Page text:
The fundamental indicators shown below are of high importance for the euro, however, since the EMU (Economic and Monetary Union, the countries within the European Union which share a common market and a single currency, the euro) is composed of 17 countries, it is essential to be aware of major political and economic events of the member countries, such as changes in GDP, unemployment, and inflation. The major economies of the EMU are Germany, France, and Italy, for which, in addition to general economic data from the EMU, economic information from these three countries have the most relevance for the euro.
Global stock markets began cautiously in September after the United States and China imposed new simultaneous tariffs, thereby raising market concerns about the slowdown in global growth.
The US imposed tariffs of 15% as of Sunday on a series of Chinese products that include footwear and some appliances such as smart watches and televisions, while Beijing imposed new tariffs on soybeans and US crude.
China reacted to the entry into force of US tariffs on Chinese exports with new tariffs on US products between 5% and 10%. However, the Asian giant has responded cautiously to Washington’s taxes, taxing only one third of the 5,000 expected products.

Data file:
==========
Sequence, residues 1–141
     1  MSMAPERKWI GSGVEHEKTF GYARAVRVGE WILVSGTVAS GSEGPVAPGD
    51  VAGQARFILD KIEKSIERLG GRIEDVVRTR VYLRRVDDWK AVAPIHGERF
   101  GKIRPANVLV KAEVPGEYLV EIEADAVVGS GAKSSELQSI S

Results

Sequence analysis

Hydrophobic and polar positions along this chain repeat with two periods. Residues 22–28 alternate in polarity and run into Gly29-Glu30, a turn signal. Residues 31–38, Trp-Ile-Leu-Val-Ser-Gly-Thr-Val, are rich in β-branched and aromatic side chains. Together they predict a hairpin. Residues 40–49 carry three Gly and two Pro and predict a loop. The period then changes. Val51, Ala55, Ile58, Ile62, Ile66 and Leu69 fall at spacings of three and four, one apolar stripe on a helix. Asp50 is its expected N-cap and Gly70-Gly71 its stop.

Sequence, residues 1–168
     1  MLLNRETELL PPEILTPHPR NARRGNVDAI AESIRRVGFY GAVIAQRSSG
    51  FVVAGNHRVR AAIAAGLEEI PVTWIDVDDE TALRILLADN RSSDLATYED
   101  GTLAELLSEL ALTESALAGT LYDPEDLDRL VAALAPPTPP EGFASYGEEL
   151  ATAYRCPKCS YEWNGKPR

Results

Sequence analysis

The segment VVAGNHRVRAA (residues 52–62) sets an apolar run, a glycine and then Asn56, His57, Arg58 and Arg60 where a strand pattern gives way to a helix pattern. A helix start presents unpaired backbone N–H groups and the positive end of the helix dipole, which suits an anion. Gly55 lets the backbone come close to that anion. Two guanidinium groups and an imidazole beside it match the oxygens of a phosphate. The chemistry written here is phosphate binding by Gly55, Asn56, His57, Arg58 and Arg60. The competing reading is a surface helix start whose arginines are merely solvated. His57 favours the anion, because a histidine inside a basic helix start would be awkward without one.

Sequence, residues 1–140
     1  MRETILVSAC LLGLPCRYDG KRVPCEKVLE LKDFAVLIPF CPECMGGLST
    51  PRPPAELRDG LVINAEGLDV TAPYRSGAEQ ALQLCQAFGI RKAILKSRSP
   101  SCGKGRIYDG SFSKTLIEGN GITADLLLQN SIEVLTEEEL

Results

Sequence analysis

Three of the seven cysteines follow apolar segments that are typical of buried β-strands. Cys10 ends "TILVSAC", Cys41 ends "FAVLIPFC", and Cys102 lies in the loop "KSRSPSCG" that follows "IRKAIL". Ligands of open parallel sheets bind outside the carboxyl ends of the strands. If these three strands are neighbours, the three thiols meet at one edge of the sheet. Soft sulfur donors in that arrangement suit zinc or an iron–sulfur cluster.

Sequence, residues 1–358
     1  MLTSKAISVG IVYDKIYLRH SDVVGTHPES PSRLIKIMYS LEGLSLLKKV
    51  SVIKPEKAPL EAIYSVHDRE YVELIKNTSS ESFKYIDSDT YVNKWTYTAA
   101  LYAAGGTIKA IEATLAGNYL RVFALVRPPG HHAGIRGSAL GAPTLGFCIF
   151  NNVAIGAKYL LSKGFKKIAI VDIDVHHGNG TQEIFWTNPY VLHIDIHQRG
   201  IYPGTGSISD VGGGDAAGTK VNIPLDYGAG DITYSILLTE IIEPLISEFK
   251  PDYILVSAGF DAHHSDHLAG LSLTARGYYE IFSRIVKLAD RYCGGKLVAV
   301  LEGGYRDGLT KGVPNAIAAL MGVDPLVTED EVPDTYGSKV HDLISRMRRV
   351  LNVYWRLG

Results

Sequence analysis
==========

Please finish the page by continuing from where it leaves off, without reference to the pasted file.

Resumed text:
The Euro dropped from its top of 1.25 to 1.12 lows against the Dollar over 2018, and has been
trading at 1.14 in the early days of 2019. The drop in the Euro is directly associated with the
interest rate hikes by the Fed as the Euro Area interest rate has remained stable. Furthermore,
the exchange rate also reacted strongly on news regarding Brexit, with March 2019 fast
approaching and no deal reached yet.
On the macro side, the Euro Area has been quietly registering decent growth rates, estimated at around 2%, on a y/y basis. Inflation has been fluctuatingiii around the ECB target level of 2%. In 2019, growth is forecastediv to stand at 1.7%, down from the previous forecast of 1.8%, with a similar path for inflation. An increase in bond yields is expected, attributed to both the end of QE in December 2018 and the discounting of the effect of a possible ECB rate hike in late 2019. The hike, as communicatedv by the ECB in the last few meetings, is expected to take place in the third quarter of 2019.